The sales training industry traditionally is long on bold claims but short on proof. When you come down to it, sales training always has been a “spray and pray” proposition: Spray it on the sales force, then pray that something positive and lasting happens to your company’s ability to sell its goods or services.
The reasons are understandable. After all, consider the difficulty of collecting hard, measurable evidence that would establish a direct link between a sales training program and improved business results. First you would need a training program that teaches distinct, identifiable sales skills—skills that provably make a critical difference in the real world of sales. Then the program would have to improve those skills, demonstrably and measurably. Then the improved skills would have to “transfer” from the training program to application on the job, again demonstrably and measurably.
Finally, if you were to have any confidence that a sales training program would do all of that before you invested in it, you would need evidence in the form of a database large enough to prove that the program did what it promised. You would need “Big Data” that could be mined to show, for example, that the training program convincingly improves Sales Skill X by a factor of Y and, further, that on-the-job application of Skill X is convincingly boosted by a factor of Z.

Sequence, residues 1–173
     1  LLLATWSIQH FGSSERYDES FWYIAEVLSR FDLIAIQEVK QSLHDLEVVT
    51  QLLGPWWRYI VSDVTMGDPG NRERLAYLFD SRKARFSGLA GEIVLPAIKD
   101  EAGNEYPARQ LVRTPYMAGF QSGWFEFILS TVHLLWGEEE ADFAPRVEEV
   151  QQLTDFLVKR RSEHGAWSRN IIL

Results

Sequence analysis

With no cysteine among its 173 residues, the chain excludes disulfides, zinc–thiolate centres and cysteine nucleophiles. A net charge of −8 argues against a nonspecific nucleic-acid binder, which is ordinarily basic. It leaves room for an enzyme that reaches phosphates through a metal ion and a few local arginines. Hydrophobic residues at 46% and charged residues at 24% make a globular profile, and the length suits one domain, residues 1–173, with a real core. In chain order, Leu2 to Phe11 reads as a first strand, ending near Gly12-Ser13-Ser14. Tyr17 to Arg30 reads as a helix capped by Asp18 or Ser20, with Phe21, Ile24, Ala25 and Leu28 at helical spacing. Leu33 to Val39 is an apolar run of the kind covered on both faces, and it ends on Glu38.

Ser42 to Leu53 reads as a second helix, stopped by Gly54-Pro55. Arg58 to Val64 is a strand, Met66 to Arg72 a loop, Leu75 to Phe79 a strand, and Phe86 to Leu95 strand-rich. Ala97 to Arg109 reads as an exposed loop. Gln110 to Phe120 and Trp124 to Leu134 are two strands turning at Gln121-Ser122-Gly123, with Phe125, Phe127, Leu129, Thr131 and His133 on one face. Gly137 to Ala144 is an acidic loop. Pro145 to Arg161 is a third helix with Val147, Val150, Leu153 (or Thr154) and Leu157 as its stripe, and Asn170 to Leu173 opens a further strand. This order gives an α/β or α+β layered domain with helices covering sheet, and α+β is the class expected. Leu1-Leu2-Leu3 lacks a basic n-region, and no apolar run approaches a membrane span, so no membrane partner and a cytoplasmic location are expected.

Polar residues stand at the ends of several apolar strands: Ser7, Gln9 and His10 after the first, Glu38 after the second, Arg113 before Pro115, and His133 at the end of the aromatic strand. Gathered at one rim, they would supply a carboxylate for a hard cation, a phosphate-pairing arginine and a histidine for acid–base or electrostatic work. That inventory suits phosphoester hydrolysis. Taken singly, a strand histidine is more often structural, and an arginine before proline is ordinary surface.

That kind of big data has never existed in the world of sales training. But now it does.
In 1995, my company, The Sales Board, formed a development team of software engineers and psychometricians to create a validated instrument that would reliably measure factors including these: How much knowledge a salesperson has about the selling skills that are critical to success; how much that knowledge level improves after training; and how well the person is able to use the knowledge on the job.
That last piece—measuring how often and how well a skill is applied in the real world—provides the crucial evidentiary link between a training program and any subsequent improvement in critical business indicators, such as revenue gains, higher margins, or increases in market share.
For more than 20 years we have used this validated instrument to evaluate the impact of Action Selling training. We have collected data on 400,000 salespeople from more than 3,500 companies in a broad range of industries. Our SQL relational database contains about 78 million data points with a two-decade time span. In other words, we now have access to “big data” on the impact of sales training.